Netzpolitik.org also made public the “top secret” labelled report in September.

Surveillance-critical civil society in the country may have been hopeful to see the intelligence service face consequences for past transgressions and future limitations for its activities. They were in for a surprise, though, as the BND law put forward in June this year proposed to legalise all surveillance activities that had thus far been taking place and further expand their scope additionally. The new law allows the foreign secret service thus-far illicit in-country surveillance.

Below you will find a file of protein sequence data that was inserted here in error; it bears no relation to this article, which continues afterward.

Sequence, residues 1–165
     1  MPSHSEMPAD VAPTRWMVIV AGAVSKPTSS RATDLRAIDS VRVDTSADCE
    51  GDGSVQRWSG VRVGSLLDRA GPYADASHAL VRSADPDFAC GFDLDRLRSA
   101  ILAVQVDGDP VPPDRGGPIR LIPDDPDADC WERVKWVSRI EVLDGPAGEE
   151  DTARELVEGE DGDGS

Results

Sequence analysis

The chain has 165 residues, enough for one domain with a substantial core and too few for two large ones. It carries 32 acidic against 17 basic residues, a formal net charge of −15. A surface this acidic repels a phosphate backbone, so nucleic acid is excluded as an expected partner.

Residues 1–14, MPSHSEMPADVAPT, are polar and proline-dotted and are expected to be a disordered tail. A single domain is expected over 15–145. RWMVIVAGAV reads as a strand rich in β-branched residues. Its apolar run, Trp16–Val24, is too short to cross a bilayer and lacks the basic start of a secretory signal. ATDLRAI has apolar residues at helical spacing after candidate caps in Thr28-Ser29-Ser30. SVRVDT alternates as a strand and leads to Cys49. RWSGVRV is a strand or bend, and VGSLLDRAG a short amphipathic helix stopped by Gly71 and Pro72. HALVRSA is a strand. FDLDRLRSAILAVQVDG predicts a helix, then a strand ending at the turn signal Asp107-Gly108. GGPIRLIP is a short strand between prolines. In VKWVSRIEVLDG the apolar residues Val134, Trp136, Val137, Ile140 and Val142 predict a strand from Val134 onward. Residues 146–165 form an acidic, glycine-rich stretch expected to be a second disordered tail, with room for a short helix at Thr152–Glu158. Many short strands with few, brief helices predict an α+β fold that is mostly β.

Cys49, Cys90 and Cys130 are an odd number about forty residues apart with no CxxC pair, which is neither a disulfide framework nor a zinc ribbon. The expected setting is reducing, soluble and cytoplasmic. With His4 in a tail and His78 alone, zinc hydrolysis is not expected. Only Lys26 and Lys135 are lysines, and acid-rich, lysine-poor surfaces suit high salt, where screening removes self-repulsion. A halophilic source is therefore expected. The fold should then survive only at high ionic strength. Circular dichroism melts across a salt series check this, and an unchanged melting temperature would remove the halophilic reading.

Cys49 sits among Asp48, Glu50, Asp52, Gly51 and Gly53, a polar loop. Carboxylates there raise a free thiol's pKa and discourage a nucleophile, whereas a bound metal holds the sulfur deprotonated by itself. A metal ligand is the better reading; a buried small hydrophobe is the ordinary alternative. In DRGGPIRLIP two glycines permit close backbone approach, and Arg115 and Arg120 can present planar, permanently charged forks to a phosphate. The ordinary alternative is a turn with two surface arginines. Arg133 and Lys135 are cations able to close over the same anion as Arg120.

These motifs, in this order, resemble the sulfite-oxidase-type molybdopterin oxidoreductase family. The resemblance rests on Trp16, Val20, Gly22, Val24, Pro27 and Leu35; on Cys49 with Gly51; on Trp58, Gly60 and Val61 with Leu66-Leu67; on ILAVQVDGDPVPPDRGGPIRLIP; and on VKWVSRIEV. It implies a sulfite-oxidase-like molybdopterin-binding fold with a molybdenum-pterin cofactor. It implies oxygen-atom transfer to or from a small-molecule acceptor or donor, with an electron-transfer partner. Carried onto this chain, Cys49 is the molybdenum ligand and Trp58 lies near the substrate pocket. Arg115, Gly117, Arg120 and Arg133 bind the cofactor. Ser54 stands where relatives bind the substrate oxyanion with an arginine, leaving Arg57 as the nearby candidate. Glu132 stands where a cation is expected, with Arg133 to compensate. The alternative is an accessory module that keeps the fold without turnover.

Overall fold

In theory, any German-to-German communication would have to be excluded from surveillance, but two independent reports by experts, including one by Chaos Computer Club, found that online traffic does not carry a clearly discernible nationality. The constitutionally stipulated freedom of privacy of communication suddenly appears less convincing. It also follows that any non-EU national is not considered bearer of fundamental rights enjoyed, on paper, by anyone living in Germany, as all electronic communication including at least one foreign-based party can now be analysed and stored for up to six months, including all metadata. This will include foreign journalists and the sources they are in contact with. The previous 20%-rule, whereby the BND was limited to only intercept and analyse so much of the traffic available, was lifted altogether. The extended competencies were not left without a new and grand mission: surveillance can now take place to reap “insights into foreign and security policy [which] may be of relevance”.